Speaking of text messaging. Over 8 trillion text messages were sent in 2011, overtaking voice minutes and making it the worlds most popular mobile communication medium. We have yet to see the biggest impact SMS and messaging will have on our society. A2P, application to person SMS, is expected to overtake person to person SMS in 2016. A2P messaging includes messages between applications and customers in financial services, advertising, marketing, business administration, ticketing, television voting, and other automated systems. This nascent market should not be overlooked – by 2016 A2P messaging is estimated being worth more than $70 billion.

Global expenditure on mobile advertising was approximately $3.6 billion in 2009, and is estimated to grow to $38 billion in 2015 and the worldwide mobile messaging market will reach $334.7 billion by 2015. For any businesses this is significant or a number of reasons, namely to identify the most cost effective platforms to utilize in their mobile commerce.  People respond differently to different types of mobile marketing, proven by studies in the UK and France, where they found opt-in SMS gets the best results, and in Germany mobile Web ads got the best results.  It seems time sensitive special offers or discounts (especially mobile coupons) were most likely to lead to a purchase.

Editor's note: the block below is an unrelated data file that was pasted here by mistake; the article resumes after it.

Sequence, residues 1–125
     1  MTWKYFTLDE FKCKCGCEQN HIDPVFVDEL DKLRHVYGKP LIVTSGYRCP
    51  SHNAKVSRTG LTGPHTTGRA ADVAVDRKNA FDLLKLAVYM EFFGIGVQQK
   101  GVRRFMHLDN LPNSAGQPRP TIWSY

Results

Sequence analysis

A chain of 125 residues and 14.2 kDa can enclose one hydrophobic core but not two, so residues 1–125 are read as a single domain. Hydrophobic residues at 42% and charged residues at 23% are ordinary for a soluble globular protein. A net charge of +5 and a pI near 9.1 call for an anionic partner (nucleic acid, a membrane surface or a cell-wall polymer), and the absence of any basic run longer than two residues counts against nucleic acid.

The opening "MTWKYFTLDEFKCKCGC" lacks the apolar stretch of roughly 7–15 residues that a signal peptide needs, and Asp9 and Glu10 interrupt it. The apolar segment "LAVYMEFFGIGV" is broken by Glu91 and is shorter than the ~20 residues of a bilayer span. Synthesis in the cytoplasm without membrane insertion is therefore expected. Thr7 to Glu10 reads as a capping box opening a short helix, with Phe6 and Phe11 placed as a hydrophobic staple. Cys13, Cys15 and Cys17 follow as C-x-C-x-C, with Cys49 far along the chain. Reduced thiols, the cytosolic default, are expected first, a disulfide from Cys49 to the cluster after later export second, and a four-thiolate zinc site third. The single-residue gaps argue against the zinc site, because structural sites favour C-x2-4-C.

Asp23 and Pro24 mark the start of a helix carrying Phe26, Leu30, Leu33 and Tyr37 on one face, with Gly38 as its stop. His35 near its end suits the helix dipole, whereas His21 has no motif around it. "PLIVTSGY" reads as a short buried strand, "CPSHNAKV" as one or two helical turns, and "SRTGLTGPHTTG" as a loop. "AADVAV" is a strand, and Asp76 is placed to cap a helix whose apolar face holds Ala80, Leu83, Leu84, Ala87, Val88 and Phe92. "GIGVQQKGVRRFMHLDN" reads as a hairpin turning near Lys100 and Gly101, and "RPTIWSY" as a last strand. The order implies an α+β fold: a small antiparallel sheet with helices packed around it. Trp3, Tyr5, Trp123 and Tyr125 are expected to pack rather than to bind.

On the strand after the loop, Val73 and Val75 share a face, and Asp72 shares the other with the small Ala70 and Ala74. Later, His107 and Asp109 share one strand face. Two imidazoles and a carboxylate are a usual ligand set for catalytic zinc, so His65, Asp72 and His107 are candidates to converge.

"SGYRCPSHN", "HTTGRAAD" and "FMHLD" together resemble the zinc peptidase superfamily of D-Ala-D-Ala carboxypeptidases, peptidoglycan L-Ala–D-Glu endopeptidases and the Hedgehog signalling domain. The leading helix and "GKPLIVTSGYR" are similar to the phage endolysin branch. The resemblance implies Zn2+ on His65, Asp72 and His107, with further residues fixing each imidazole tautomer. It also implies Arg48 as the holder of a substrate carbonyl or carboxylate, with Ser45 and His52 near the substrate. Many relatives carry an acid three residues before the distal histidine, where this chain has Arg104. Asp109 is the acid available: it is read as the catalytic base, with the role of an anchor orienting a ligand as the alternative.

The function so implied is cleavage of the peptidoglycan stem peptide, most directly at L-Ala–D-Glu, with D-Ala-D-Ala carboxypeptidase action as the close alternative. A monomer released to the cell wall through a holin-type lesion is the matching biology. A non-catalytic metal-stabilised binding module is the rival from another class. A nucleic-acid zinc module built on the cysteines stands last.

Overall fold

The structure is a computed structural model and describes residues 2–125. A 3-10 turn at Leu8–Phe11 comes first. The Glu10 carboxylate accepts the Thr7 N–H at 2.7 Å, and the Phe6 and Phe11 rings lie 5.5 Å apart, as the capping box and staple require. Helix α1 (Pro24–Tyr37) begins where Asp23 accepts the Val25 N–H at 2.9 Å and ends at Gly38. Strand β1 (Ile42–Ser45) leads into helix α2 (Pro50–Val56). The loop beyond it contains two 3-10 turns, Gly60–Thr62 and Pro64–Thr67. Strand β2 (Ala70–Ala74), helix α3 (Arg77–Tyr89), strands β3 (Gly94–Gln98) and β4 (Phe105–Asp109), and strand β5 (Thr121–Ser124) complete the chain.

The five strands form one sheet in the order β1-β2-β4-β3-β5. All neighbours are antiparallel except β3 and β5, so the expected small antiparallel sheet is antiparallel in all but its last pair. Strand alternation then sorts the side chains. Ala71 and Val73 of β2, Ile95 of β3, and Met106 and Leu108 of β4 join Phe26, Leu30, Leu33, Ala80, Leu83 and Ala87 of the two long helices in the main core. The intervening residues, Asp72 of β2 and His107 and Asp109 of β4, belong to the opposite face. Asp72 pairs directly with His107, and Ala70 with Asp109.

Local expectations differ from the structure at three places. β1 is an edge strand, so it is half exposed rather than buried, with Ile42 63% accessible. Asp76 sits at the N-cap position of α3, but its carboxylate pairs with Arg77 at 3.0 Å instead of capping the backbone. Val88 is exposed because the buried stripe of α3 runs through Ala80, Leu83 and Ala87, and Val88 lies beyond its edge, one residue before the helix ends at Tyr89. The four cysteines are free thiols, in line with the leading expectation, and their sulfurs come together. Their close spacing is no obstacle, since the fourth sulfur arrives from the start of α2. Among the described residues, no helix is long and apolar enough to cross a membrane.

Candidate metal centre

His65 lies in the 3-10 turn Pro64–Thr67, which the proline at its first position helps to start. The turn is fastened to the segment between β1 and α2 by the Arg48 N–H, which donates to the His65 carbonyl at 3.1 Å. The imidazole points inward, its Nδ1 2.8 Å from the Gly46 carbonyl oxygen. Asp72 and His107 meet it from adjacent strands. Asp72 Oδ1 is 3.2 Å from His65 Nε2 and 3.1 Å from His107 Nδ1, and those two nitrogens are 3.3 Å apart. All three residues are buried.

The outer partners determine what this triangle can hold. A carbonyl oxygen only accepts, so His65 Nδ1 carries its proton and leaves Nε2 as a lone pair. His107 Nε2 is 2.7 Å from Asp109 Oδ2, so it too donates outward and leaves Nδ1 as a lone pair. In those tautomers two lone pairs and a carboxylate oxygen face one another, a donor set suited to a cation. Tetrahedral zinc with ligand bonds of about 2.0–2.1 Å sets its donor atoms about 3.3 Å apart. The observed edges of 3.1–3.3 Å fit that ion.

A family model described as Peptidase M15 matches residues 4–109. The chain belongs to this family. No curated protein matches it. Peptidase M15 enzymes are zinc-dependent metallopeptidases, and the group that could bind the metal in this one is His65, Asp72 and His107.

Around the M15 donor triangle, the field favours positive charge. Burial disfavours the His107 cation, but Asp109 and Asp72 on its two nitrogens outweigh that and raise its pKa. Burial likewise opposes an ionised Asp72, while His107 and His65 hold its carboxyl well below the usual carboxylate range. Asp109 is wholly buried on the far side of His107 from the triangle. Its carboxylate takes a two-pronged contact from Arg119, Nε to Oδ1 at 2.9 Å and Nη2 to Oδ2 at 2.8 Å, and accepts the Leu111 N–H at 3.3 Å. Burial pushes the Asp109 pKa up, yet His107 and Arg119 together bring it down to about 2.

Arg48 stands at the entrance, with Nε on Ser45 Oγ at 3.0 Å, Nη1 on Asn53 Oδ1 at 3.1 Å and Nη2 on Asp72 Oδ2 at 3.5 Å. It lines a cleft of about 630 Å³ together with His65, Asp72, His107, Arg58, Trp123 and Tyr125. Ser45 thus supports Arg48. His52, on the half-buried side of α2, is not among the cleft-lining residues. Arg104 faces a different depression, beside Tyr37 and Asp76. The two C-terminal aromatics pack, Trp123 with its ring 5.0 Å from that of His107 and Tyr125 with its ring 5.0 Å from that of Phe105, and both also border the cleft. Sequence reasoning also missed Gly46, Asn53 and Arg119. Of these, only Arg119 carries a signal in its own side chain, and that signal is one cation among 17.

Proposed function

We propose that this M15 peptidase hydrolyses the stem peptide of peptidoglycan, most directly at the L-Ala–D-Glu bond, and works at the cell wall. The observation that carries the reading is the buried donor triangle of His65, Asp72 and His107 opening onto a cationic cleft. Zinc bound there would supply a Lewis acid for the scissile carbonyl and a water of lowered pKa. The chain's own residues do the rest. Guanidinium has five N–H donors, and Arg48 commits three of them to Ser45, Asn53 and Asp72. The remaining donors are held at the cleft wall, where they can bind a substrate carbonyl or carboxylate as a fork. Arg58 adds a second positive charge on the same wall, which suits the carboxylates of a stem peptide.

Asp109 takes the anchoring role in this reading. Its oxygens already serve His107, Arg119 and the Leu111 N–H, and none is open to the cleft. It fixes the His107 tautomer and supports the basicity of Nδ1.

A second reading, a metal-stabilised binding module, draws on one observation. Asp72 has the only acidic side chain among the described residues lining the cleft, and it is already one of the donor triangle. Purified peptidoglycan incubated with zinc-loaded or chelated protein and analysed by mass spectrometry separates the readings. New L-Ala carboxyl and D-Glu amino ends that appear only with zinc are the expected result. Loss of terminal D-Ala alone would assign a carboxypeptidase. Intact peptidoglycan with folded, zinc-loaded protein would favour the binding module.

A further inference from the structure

$1 Trillion of Mobile Payments

Most significant will be the transformation in how we use our mobile devices in everyday commerce. Mobile ad spend worldwide is predicted to sky rocket to $20.6 billion in 2015, driven by search ads and local ads. A logical evolution for mobile search is towards mobile transactions. Once the connection has been established through the mobile device, brands can build up much more detailed profiles of users compared to online and plan follow-up campaigns accordingly. In 2009, there were 81.3 million people worldwide using their mobile device to make payments and it is estimated by the end of 2014, this is forecasted to rise to nearly 490 million. Mobile transactions will drastically change our society. The market for paying by mobile device could be well over $1 trillion by 2015.  Simply put, that is HUGE!